When people hike up a major peak, they often call it climbing even if it was Class 1 all the way up. (I disagree with Bosterson: you don't need to use your hands to call it a climb. That just makes part of it "scrambling.") But I don't think anyone knows exactly where the line is that changes the verb. It'd be weird to say you "climbed" Dog Mountain, but totally understandable to say you "climbed" South Sister, even though both mountains involve exactly the same skills (at least in the summer). One is just bigger.
But if people say they're "going climbing," they usually mean rock climbing, which means there will be ropes. Or maybe they mean mountaineering, which involves ice axes and often ropes too.
By the way, your intel about the local volcanoes is accurate: Mt. Adams is mostly just a walk-up, similar to Mt. St. Helens but MUCH longer. Mt. Hood requires technical gear (and either a guide or mountaineering experience), but it can be done in a day. Some of the routes on Mt. Rainier aren't especially "technical" (depending on the season), but they're all VERY physically demanding.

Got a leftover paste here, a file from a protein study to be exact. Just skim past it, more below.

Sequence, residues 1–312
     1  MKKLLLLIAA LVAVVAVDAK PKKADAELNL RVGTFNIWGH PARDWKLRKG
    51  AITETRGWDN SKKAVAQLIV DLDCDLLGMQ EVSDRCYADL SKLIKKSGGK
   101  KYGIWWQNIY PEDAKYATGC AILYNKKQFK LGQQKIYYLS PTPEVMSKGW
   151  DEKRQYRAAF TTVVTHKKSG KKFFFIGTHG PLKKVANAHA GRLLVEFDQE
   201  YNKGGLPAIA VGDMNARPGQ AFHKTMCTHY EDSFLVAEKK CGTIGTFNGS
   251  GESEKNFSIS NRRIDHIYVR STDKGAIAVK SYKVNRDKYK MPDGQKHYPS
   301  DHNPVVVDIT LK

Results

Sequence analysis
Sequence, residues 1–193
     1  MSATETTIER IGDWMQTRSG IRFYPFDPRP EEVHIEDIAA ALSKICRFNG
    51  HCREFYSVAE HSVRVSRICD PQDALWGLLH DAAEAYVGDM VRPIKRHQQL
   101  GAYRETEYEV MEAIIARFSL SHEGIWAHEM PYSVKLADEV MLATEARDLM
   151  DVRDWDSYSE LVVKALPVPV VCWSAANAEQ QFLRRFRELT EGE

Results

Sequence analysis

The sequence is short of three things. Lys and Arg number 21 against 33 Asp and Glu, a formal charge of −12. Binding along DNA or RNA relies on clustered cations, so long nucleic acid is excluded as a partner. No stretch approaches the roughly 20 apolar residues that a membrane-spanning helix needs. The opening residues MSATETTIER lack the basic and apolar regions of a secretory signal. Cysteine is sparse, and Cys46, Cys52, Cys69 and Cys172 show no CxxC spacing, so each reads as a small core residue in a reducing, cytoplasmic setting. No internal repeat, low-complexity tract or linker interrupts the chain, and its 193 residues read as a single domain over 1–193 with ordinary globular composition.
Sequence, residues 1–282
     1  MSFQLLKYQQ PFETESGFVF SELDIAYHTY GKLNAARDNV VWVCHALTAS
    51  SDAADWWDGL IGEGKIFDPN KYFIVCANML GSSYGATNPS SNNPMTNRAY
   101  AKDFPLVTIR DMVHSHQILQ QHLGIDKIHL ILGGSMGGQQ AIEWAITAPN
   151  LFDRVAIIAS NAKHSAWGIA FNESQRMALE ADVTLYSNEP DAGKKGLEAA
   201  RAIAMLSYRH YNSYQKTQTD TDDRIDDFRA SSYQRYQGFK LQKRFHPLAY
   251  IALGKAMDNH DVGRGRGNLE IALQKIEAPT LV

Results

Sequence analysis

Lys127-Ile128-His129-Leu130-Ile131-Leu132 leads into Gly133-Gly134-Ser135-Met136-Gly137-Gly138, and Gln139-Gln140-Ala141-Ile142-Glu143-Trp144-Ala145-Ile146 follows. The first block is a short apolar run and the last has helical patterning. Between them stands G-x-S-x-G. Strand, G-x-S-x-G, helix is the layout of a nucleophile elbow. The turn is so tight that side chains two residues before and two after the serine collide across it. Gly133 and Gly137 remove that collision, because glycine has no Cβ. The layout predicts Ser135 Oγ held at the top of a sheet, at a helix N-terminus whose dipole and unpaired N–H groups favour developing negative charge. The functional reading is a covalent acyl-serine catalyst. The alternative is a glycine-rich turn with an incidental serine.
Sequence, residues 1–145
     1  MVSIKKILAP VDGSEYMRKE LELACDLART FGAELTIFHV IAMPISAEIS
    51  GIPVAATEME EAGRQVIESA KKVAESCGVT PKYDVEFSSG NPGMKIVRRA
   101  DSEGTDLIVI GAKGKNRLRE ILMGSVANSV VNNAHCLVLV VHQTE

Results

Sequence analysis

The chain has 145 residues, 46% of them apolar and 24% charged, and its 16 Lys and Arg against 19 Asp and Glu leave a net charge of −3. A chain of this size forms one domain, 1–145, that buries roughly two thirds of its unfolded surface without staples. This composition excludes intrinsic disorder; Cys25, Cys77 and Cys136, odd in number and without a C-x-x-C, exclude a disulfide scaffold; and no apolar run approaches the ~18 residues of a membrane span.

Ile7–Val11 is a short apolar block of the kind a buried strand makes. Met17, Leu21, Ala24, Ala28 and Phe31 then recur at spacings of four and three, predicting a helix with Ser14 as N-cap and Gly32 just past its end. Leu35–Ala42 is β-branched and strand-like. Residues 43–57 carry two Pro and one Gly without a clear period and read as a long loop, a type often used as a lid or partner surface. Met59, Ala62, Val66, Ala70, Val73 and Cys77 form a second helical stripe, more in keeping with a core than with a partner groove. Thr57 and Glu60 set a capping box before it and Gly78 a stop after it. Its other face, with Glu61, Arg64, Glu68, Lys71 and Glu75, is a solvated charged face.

Oh, and don't forget Mt. Shasta: difficulty-wise, a couple of the routes are similar to Adams. And it involves much less red tape than Rainier.
Re: Climbing vs Hiking
Posted: December 29th, 2019, 6:42 am
to add, above 10,000 feet elevation I get a headache which is typical. South Sister (another good climb) is just barely. St Helens is under so not a problem. Hood and Adams give me a bad headache. Rainier was terrible. Sometimes people have serious injury on Rainier, or even death. Quickly get back down below 10,000 and I'm fine again.
I did the Mazamas basic climbing school a long time ago, good idea.
Re: Climbing vs Hiking
Posted: December 30th, 2019, 12:55 pm